— There are times where it seems like it was only a couple of years ago and he remembers everything, the way Baltimore fans rallied around his team, the Ravens' march to Super Bowl XXXV, even his pointed criticism of the national media about its treatment of his star linebacker, Ray Lewis.

Then, Brian Billick is reminded that it was a dozen years since his Ravens stormed into Tampa, took apart the New York Giants and captured the Ravens' first Lombardi Trophy.


"When you hear that it's a decade, you kind of go, 'Whoa, has it been that long?," Billick said while at media day at the Mercedes-Benz Superdome. "But it didn't resonate like it does now because the Ravens are in it. The fact that it's been a decade plus and the Ravens are in it, yeah, it resonates a little bit more. Does that mean I feel really old? Yeah."

Billick is 58 and he's been out of coaching since he was fired by the Ravens following the 2007 season. Now an analyst for Fox and the NFL Network, Billick still lives in the Baltimore area. Like everyone else, he admits to being caught up in the Ravens' run, from losers of four of five games to close the regular season, to their three playoff victories that have them facing the San Francisco 49ers here Sunday in Super Bowl XLVII.

It's the Ravens' first trip to the big game since Billick took them in 2001, culminating a banner season with a 34-7 throttling of the Giants.

"It's been great for me because I get to be a part of it from that end now," Billick said. "When you're involved with it, you're a little absorbed in your situation, your circumstance. Now to be a part of it the way that I am and see it from that fan's view, it's great. It's exciting, it's energizing."

"Wow, is that nirvana or what?," Billick said when asked about the possibility of Ogden and Modell getting into the Hall of Fame and the Ravens winning their second Super Bowl, all on the same weekend. "I hope that happens. It would be nice."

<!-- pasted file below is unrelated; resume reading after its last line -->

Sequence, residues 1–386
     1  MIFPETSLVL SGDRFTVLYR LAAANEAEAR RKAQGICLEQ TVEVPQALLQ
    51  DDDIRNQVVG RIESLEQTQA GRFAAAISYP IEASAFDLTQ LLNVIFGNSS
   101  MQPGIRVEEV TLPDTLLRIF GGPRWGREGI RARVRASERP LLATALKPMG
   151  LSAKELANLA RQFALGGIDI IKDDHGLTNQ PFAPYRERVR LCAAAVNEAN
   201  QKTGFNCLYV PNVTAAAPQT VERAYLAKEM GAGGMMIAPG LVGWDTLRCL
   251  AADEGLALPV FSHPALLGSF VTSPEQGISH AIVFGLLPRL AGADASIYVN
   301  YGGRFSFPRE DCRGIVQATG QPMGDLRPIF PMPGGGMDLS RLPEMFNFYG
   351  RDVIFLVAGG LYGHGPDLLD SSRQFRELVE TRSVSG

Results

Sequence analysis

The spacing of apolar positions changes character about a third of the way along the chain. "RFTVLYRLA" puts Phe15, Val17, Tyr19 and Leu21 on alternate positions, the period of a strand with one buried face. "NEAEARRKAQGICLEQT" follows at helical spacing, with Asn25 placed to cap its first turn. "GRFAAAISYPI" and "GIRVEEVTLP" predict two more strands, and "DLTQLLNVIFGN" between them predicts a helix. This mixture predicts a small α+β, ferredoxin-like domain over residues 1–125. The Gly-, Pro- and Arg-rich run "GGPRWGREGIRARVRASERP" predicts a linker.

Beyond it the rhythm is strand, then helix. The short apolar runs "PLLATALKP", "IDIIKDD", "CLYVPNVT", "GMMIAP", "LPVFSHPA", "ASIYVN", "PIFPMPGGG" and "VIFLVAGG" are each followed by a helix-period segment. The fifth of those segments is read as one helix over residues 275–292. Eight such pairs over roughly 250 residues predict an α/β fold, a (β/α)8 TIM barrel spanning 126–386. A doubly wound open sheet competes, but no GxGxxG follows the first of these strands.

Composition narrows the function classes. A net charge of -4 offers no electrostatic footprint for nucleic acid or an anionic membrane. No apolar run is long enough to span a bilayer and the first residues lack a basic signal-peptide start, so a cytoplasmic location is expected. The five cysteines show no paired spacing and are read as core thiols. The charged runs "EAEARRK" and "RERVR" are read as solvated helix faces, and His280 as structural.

With the Ravens back at the Super Bowl, Billick has had plenty of time to reminisce about his title-winning time. He also couldn't help but poke fun at himself. It was at a Super Bowl press conference 12 years ago when the brash head coach told the media that it wasn't "qualified" to analyze Lewis' legal issues a year earlier in Atlanta. The comments left him in the crosshairs of the national media, but they served their purpose, according to Billick.

"I called you all ambulance chasers and said that you weren't qualified, which went over real big by the way. I still hear about it to this day but it served its purpose because basically we were trying to say, 'We've been down this road, we're not going to redo this,'" Billick said. "Now, the time removed from it and him being able to finish the career the way he has, it's been a fairy tale ending."

Billick talked about how so many accomplish veterans, like tight end Shannon Sharpe, safety Rod Woodson, defensive tackle Tony Siragusa and defensive ends Rob Burnett, set the tone for the 2000 team, but were willing to step aside and allow the then 25-year-old Lewis to lead and show his talents.

"I always used to say, we had a lot of characters but we also had a lot of character," Billick said. "That's what that team was built around. A lot of them had all the other things. … They were at that stage of their career [where they said], 'We had all the other things. We'll give up whatever individually because we already got that. I don't need more records, I just want the ring.' That's what that made the group special."

They also had a defense that is regarded as one of the most dominant groups ever. Asked the obvious questions about how the current Ravens stack up with the 2000 squad, Billick didn't blink.

"This Ravens offense is spectacular," he said. "I love Joe Flacco. Ray Rice, how do you stop him? The vertical threat of Torrey Smith. They wouldn't have scored [on us]."


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